It is interesting, gratifying, mystifying? to see this place through a new set of eyes….

I took a logger/forester/person in charge of the day-to-day ‘keep it running without a budget’ operations that 30,000 acres of watershed entails around the place the other day.*  A tour of some of my favorite trees so to speak. He is the first person not to be bored by the tree tour. Being dragged off into tick country to look at a gorgeous example of an ash tree, why not!**

I’ve grown up here.  My sense of what a big tree is…warped, badly. My sense of the diversity of trees one might have on a typical property….warped, badly. Who doesn’t have Multiple trees listed in the top twenty for size in the state, who doesn’t have dozens of different species?  But when someone whose job experience includes looking at thousands of acres of trees, ranging from urban parks to forest is captivated by the place….that is not to be taken lightly.  Whether it is the oldest of the Norway Spruces, the big lone hemlock, the Norway maples (invasive nightmares but usually not that big), the old Sugar Maples, the Cucumber Magnolia, or the Black Locusts; there are a lot of gorgeous trees here.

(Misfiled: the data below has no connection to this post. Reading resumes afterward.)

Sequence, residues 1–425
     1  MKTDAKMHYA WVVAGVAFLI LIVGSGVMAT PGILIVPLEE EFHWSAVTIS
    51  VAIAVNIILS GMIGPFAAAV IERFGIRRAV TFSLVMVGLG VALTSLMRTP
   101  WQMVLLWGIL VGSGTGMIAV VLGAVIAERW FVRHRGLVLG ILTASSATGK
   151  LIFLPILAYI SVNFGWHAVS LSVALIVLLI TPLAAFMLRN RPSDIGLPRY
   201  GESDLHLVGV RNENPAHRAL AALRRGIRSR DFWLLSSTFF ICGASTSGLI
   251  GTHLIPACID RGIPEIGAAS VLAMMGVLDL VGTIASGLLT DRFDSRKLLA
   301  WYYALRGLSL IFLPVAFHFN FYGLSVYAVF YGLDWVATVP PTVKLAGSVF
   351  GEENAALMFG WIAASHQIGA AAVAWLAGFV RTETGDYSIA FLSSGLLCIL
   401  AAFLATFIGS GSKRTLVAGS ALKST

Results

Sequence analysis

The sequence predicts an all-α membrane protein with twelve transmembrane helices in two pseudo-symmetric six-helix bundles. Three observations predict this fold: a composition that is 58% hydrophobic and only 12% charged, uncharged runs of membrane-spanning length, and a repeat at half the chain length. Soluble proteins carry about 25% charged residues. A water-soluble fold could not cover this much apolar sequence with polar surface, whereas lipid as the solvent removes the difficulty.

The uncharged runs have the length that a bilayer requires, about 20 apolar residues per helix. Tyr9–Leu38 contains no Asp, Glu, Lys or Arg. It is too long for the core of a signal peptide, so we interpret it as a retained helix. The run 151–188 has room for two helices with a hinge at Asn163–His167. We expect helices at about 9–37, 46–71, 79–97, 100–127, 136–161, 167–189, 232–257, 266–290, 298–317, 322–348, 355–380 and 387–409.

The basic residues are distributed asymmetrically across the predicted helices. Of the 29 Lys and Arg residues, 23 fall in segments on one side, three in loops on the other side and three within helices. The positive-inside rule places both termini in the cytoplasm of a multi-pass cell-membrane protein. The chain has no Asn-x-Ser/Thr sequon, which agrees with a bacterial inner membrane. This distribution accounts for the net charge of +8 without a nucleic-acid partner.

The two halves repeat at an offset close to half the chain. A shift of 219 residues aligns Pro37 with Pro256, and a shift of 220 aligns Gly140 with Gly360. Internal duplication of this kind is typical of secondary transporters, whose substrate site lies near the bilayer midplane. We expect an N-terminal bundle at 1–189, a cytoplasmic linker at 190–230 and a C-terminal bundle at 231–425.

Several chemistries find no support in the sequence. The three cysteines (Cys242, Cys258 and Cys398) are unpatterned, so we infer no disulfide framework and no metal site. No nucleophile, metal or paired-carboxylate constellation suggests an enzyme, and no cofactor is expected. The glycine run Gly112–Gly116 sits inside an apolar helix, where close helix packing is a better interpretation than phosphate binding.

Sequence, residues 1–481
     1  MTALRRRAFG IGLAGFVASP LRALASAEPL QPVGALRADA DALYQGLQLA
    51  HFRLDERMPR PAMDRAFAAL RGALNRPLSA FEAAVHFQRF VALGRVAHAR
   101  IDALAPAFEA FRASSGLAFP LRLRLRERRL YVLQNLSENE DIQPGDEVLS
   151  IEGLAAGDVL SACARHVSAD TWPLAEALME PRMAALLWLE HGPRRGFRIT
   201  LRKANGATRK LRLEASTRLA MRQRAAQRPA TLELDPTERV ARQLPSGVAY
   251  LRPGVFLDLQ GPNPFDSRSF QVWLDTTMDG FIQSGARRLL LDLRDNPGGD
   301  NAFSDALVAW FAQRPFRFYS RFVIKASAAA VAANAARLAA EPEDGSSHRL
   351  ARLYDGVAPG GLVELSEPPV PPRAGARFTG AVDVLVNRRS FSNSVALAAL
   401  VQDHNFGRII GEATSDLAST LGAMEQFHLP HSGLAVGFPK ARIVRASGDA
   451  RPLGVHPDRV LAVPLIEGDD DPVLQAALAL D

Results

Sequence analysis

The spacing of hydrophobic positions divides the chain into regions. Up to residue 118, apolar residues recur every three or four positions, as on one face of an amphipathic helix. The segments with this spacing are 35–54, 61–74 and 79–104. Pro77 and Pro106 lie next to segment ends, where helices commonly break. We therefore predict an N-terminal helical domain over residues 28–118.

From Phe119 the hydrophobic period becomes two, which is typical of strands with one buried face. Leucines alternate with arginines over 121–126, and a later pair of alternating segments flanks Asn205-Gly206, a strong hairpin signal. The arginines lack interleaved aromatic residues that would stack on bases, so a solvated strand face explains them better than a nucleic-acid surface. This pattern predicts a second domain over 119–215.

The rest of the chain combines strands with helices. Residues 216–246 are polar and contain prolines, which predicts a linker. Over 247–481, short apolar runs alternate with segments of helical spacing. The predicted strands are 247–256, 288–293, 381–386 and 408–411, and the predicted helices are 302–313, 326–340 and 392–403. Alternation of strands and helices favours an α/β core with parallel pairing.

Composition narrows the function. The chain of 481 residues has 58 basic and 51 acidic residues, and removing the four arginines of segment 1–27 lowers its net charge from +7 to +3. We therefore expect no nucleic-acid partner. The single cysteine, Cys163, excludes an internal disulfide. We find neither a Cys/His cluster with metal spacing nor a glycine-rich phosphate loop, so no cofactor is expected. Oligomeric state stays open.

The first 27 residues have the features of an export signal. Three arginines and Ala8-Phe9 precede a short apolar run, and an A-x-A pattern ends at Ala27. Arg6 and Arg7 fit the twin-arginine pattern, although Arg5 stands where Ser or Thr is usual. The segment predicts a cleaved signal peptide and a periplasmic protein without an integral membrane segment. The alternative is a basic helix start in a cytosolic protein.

What does that mean? I don’t know, except validation for the growing conviction that this place has a value beyond the personal. What that means….?

*Technically he isn’t, but union shops are interesting.

**yes, yes, of course the fact that it was me giving the tour may have helped….